Erin Jamison-Koenig, Communications Director
Located in Wabash County, the Town of North Manchester sits alongside the Eel River and is known for Manchester University. Around 5,300 residents call North Manchester home.
The town recently broke ground on a large community pavilion and is mid-construction on the project at Ogan’s Landing. The pavilion is located just outside of downtown and near the town’s newest park and canoe launch. Getting the project started was not easy, however. One large problem stood in the town’s way – down payments for materials.
Most notably, a 50% down payment for the steel needed for construction was requested by the supplier and that down payment was not able to be paid with town funds. Clerk-Treasurer Carrie Mugford responded to the company by saying, “No, we’re not doing that. It’s against the law. We can only pay for material after it’s delivered.” The provider would not initiate the delivery until they received the down payment. They were at a standstill.
Mugford’s experience highlighted the disadvantage local units have by not being able to place deposits on goods and services. The current economic climate has further hindered locals from securing contracts as demand for contractors is high and not all companies are willing to defer payment until the project is complete and all goods and services have been delivered. In the past, companies would front the costs or take out loans to be able to prepay for material until the town would be allowed to pay them. The increased cost of materials creates a hardship for small local contractors who would like to bid on local municipal public works projects.
Around the time the project the was on hold, Mugford attended a legislative update meeting featuring Senator Andy Zay and Representative Craig Snow. Mugford spoke about this issue, saying “We cannot get this project started because this company is refusing to order the steel until they get 50% down. We can’t do that.” Not only did the current law affect North Manchester’s project, but it also affects other communities by limiting the number of contractors that are able to submit bids due to the lack of prepayment.
In addition to her important conversations with Senator Zay, Mugford introduced the topic to the Aim legislative team as something that could help not only North Manchester but all Hoosier municipalities. The Aim statehouse team, Legislative Committee, and Board of Directors were all in agreement and the matter was included on Aim’s 2023 Legislative Agenda.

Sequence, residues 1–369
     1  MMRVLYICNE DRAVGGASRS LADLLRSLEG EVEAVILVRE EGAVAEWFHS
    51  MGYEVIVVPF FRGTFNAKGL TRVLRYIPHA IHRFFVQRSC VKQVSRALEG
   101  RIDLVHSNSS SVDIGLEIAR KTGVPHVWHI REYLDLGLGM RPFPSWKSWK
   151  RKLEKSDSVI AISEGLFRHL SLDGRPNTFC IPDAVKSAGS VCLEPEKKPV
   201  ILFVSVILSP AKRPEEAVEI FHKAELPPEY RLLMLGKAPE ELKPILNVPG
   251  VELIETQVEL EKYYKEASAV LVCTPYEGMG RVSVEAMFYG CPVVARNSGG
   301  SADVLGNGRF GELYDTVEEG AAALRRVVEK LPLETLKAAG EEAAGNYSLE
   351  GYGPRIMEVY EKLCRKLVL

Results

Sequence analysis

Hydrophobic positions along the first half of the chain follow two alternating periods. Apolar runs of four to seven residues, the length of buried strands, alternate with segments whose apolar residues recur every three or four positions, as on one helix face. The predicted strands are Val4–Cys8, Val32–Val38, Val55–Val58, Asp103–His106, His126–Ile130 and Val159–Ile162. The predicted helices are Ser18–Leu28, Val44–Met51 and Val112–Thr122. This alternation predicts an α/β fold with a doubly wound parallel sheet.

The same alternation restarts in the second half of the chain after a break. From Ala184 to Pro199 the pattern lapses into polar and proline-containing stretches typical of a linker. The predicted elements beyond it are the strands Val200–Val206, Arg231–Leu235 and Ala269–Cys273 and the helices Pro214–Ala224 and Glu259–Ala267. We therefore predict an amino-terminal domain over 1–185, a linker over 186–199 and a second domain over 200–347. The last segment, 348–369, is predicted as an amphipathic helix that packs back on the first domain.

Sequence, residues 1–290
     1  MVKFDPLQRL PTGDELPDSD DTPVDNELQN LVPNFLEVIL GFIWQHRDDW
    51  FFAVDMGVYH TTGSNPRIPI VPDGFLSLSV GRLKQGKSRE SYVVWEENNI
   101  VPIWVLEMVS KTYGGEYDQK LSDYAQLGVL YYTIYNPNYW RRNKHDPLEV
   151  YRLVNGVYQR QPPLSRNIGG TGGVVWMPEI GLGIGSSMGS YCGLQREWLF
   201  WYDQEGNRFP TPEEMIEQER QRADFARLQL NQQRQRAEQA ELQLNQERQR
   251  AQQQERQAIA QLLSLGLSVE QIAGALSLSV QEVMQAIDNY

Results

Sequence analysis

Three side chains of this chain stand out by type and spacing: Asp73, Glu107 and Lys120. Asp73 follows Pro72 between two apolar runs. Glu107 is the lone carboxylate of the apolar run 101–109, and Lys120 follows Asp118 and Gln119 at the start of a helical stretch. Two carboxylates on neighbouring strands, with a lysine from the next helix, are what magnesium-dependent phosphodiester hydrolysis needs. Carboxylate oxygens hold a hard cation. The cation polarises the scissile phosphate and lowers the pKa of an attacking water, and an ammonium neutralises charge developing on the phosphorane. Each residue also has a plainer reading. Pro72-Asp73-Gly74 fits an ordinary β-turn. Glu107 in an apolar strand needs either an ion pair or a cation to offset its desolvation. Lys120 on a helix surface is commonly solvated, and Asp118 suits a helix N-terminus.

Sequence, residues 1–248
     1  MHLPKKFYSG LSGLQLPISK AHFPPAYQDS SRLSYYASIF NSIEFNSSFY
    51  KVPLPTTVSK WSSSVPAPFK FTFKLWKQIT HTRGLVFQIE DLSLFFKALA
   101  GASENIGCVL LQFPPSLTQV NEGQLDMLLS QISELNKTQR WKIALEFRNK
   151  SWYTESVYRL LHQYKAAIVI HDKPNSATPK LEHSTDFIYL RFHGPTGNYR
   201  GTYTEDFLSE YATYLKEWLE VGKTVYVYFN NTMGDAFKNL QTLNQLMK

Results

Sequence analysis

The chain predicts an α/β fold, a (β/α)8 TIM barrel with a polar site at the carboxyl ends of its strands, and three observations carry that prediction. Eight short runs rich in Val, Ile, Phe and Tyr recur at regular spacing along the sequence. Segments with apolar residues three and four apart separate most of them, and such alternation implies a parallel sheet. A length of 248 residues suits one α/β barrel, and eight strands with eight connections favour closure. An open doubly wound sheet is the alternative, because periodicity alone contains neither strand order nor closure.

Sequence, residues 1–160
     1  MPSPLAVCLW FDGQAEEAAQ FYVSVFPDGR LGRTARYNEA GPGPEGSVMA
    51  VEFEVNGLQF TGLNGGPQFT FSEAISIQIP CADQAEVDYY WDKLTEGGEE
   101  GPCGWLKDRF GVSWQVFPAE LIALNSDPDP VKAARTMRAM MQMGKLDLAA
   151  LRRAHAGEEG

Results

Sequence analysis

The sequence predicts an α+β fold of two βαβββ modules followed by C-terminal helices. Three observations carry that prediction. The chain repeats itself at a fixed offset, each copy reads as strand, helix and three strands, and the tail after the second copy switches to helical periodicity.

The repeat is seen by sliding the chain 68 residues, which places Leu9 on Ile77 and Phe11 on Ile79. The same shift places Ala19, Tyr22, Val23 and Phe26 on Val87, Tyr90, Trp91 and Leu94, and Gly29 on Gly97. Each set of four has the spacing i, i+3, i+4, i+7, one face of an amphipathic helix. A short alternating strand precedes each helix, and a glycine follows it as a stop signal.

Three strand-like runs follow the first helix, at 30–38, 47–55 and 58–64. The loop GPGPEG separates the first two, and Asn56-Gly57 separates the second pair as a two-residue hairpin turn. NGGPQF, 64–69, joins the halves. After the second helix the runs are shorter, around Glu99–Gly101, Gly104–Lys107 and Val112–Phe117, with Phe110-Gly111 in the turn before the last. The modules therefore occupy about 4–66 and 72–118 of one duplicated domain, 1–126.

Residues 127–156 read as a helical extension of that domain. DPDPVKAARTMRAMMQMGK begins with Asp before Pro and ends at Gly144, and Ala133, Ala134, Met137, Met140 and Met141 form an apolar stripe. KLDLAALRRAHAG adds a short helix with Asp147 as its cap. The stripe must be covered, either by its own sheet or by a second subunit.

Senator Zay took the idea to his team and introduced a bill during the 2023 Legislative Session. The bill, SB 317, is currently moving through the legislative process. The language allows cities and towns to provide up to 50% advance payments for goods and services with council approval. Large prepayments over $150,000 would require insurance to guarantee public funds.
At the time of posting, SB 317 had passed out of the Senate and was referred to the House.
Mugford credits her relationships with both Senator Zay and Aim in making the bill happen. “A combination of Senator Zay coming from his side, Jenna [Bentley] coming from the Aim side, and everyone putting these pieces together. It’s worked out well.”
For Mugford, her experience highlighted the importance of being active and paying attention to the state legislature. “Getting to know the legislators and letting them know who you are so that when you’re in a meeting, you’re comfortable having these conversations. Most of the legislators I’ve talked to say these ideas come from us because we’re the ones doing the jobs, we’re working with the people, and we’re the ones encountering the problems or find places in the law that could be modified. If you have the idea and you don’t have the confidence or that relationship, then it’s just an idea. You need to talk to Aim, talk to your legislators.”